If you’re a chip lover looking for the best chip pan for induction hob, you’ve come to the right place.
Keep in mind that not all chip pans will work with an induction hob, keep on reading to see our pick for the best induction hob chip pan that’s guaranteed to work on your hob.
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What to Look For When Choosing a Chip Pan for Induction Hob
- Heavy, ferrous metal base – Essential for connecting to the electromagnetic circuitry.
- Easy clean inner basket – Shake away the surplus oil.
- Ergonomic handles – Provides a steady grip while remaining cool to touch.
- Deep, spacious interior – Helps keep oil safely contained.
- Dishwasher-friendly – Takes the drudgery out of cleaning your greasy chip pan.
Best Chip Pan for Induction Hob
Judge Vista JJ84A Induction Hob Chip Pan (22cm)
You’ll get around five portions of tasty chips from this surprisingly deep chip pan. It’s manufactured in the UK from 18/0 high-quality stainless steel.
The magnetised, induction-friendly base is hot forged for additional strength and optimal heat distribution. The pan is ultra-sleek and shiny with a rounded design.
The stainless-steel basket is sturdy and lightweight and the chip pan weighs approximately 2.6 kilograms. There’s also a small handle opposite the main one, this helps to move the pan around safely.
The handles are manufactured from phenolic, a polymer resin, it’s versatile, hard-wearing and oven safe up to 180°C.
A glass lid is also included, and the chip pan is dishwasher safe and has a twenty-five-year guarantee.
- Extra deep
- Helper handle
- Glass lid
- Basket gaps
- Slightly heavy
Chip Pan for Induction Hob Buying Tips
Chip pans are versatile items of cookware. Deep fat frying is a fast technique that you can use to make chips, chicken, Japanese tempura and seafood. You can even deep-fry doughnuts in a chip pan.
With induction cooking, your meal is ready much faster than with conventional methods. But what should you look for when buying the best chip pan for induction hob? Here are a few essential features to look for:
Your chip pan needs a compatible base, otherwise, it will not work with an induction hob. Cooking is fast and efficient through electromagnetics. When you place a suitable chip pan on the ceramic glass surface, it completes the circuit.
Some chip pan bases have layers of different metals to maximise performance. Magnetised, ferrous metals include stainless steel, carbon steel and cast iron. A flat, heavyweight base helps keep the chip pan firmly connected to the electromagnetic circuit.
What are Chip Pans made of?
The entire pan doesn’t have to possess magnetic qualities. Many chip pans are made of non-magnetic aluminium.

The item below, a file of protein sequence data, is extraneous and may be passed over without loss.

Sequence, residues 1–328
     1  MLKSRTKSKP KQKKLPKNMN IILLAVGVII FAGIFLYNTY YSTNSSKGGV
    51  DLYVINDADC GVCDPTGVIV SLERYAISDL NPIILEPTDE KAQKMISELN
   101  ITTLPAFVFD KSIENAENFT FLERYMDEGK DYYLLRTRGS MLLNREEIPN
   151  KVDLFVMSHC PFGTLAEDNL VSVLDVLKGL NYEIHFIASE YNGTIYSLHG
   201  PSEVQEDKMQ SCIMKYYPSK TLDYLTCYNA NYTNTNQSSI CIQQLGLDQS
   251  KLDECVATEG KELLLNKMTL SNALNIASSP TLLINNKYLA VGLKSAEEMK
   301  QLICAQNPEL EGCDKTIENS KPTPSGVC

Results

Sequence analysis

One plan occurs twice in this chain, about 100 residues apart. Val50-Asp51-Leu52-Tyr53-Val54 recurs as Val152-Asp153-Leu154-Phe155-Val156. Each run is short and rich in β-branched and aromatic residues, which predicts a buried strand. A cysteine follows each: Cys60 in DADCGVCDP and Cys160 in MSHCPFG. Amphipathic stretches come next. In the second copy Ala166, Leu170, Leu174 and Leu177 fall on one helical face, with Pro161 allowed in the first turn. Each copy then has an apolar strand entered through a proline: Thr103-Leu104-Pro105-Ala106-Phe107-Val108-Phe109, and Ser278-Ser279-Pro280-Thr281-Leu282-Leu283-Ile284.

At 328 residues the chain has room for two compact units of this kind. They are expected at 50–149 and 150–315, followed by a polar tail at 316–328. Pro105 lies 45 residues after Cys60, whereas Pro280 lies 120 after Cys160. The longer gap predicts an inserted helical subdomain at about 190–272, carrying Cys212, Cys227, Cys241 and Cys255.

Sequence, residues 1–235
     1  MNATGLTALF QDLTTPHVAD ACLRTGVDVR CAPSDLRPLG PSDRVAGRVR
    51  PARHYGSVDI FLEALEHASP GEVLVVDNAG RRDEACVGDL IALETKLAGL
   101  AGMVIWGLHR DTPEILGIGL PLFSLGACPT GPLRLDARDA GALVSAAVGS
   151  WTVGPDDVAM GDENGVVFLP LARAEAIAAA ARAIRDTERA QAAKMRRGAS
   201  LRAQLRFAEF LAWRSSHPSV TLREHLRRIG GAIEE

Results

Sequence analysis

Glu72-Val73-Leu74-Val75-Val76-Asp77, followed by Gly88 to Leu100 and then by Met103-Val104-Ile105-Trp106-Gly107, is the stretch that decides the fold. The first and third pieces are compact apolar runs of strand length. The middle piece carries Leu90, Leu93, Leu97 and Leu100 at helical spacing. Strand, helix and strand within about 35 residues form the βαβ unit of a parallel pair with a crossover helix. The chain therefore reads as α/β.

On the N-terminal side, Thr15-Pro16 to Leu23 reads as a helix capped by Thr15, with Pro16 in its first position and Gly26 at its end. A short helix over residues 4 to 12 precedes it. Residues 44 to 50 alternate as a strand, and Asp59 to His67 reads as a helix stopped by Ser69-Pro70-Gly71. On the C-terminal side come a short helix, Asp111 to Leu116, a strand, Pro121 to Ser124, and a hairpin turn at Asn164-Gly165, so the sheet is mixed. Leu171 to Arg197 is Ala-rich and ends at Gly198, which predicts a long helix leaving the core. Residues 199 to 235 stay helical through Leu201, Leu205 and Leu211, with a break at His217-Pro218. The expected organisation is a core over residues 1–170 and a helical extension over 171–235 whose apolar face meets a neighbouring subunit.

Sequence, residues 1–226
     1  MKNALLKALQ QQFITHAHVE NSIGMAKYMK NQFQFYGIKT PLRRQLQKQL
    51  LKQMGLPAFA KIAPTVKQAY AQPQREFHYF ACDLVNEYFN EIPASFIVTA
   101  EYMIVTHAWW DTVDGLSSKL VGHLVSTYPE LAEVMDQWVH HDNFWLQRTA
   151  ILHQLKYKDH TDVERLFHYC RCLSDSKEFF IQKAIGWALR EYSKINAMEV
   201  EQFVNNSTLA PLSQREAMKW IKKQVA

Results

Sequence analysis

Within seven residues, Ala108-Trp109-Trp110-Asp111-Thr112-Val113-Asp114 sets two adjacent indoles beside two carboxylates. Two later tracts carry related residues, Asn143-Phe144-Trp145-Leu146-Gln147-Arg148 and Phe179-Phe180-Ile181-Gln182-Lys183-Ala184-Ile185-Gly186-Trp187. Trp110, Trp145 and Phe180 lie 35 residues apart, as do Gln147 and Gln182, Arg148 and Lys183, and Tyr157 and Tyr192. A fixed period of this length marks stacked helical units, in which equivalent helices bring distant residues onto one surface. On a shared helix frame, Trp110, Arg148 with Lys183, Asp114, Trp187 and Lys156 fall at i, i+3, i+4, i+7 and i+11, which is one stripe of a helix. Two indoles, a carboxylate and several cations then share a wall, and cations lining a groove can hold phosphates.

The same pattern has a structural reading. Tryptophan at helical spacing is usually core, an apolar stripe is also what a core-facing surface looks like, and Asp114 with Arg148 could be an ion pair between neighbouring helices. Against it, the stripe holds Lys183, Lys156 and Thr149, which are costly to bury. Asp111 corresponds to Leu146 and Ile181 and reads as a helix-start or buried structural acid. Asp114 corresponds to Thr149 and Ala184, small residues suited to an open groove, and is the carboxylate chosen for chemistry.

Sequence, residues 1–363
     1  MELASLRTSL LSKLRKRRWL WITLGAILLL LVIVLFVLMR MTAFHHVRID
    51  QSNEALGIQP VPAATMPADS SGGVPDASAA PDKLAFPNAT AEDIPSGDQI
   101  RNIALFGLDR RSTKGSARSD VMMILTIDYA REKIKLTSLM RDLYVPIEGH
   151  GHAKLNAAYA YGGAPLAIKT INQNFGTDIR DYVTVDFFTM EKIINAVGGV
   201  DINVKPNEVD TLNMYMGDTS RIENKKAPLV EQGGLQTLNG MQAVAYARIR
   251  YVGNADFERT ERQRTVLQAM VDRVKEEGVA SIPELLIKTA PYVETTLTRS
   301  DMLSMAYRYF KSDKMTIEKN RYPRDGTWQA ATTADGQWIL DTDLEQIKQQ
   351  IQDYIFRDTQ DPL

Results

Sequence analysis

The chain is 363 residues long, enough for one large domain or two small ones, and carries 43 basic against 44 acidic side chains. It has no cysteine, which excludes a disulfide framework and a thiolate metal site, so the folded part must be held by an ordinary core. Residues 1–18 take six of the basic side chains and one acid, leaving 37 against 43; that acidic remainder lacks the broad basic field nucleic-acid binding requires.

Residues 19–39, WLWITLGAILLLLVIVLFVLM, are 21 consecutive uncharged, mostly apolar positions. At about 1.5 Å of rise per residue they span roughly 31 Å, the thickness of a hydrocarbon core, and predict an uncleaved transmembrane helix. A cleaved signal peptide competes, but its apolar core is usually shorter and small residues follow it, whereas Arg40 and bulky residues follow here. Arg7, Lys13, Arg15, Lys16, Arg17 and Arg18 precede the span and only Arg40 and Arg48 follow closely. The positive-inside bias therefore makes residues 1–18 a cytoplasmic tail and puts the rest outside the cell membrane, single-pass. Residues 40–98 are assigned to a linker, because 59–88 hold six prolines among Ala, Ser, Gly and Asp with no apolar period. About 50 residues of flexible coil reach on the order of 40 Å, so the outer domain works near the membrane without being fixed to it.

It’s a lightweight, effective conductor of thermal heat. It also helps the pan retain the high temperatures necessary for deep fat frying. Other suitable metals include stainless steel and cast iron.
Size of the Chip Pan
Always purchase a chip pan that has plenty of space inside. It’s because you must only use one-third of the chip pan for vegetable oil. The level becomes higher once you add the chips.
Chip pans can be dangerous if the oil spills out, especially onto a hot hob. But at least, with an induction hob, the ceramic surface stays cool while in use.
Using a Lid with your Chip Pan
If you use a lid, the steam from the chips becomes trapped inside it and quickly begins to drip back into the pan. The excess moisture can spoil the crispy texture of your chips.
Water and boiling hot oil just don’t agree. Any water droplets landing on the oil’s surface quickly fly out in all directions and they’ll contain hot, burning oil.
Removing a lid while deep frying can have its scary moments! If your chip pan is versatile for use with other techniques, such as steaming or braising in the oven, the lid will then be of great use.
Induction Hob Chip Pan FAQ
Q.1. Are chip pans a fire hazard?
The UK’s Fire Service says one-fifth of the domestic fires they attend begin with a chip pan. They warn that leaving chip pans unattended, even for a few seconds, is the main cause of the oil suddenly igniting. You need to be extra vigilant when deep fat frying.
Q.2. Do I have to wait for the oil to smoke before adding uncooked chips?
Absolutely not! If the oil is smoking, it’s a micro-second away from igniting. Take the pan off the heat immediately and wait for it to cool slightly before continuing.
Q.3. How do I know when the chip pan is hot enough?
Drop a small crust of bread into the oil. If it starts to crisp nicely, it’s ready for those chips.
Q.4. How often can the oil from a chip pan be re-used?
The oil collects debris after each use, especially with messy, breadcrumb coatings. It’s best to change the oil after using it eight to ten times.
Never pour it down the sink as it forms greasy blockages that are very hard to eradicate. It also escapes into the environment where it’s hazardous to wildlife.
Dispose of cooking oil in your general household waste, but keep it securely contained.
A chip pan for induction hob cooks chips in a few minutes. Always choose a high-quality pan with a solid base. Versatility makes your purchase an economical investment as you’ll use it for all types of techniques.
Remember that boiling oil is dangerous if you don’t stay on your guard. Keep vigilant and you can look forward to delicious, home-cooked chips at any time. And don’t forget the tomato ketchup!